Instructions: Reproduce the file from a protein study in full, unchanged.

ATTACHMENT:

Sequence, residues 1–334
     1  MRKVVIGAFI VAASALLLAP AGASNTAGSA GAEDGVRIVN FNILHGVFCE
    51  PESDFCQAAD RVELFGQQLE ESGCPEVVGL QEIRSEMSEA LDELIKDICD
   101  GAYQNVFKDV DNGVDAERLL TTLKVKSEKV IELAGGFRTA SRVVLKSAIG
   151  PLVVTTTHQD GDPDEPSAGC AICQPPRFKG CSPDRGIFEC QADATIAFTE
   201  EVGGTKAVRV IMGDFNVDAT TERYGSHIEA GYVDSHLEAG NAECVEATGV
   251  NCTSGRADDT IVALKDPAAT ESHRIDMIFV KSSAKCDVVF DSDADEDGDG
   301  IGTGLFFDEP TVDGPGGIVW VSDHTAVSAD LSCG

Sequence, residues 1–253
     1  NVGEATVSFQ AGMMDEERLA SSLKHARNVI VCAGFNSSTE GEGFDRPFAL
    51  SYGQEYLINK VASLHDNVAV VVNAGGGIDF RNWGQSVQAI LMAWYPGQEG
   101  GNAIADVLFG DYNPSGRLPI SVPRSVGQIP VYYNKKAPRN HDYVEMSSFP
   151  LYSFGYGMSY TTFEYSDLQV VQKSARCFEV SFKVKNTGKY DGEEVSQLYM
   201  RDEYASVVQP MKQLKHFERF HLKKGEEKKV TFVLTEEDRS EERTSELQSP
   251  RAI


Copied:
Sequence, residues 1–334
     1  MRKVVIGAFI VAASALLLAP AGASNTAGSA GAEDGVRIVN FNILHGVFCE
    51  PESDFCQAAD RVELFGQQLE ESGCPEVVGL QEIRSEMSEA LDELIKDICD
   101  GAYQNVFKDV DNGVDAERLL TTLKVKSEKV IELAGGFRTA SRVVLKSAIG
   151  PLVVTTTHQD GDPDEPSAGC AICQPPRFKG CSPDRGIFEC QADATIAFTE
   201  EVGGTKAVRV IMGDFNVDAT TERYGSHIEA GYVDSHLEAG NAECVEATGV
   251  NCTSGRADDT IVALKDPAAT ESHRIDMIFV KSSAKCDVVF DSDADEDGDG
   301  IGTGLFFDEP TVDGPGGIVW VSDHTAVSAD LSCG

Sequence, residues 1–253
     1  NVGEATVSFQ AGMMDEERLA SSLKHARNVI VCAGFNSSTE GEGFDRPFAL
    51  SYGQEYLINK VASLHDNVAV VVNAGGGIDF RNWGQSVQAI LMAWYPGQEG
   101  GNAIADVLFG DYNPSGRLPI SVPRSVGQIP VYYNKKAPRN HDYVEMSSFP
   151  LYSFGYGMSY TTFEYSDLQV VQKSARCFEV SFKVKNTGKY DGEEVSQLYM
   201  RDEYASVVQP MKQLKHFERF HLKKGEEKKV TFVLTEEDRS EERTSELQSP
   251  RAI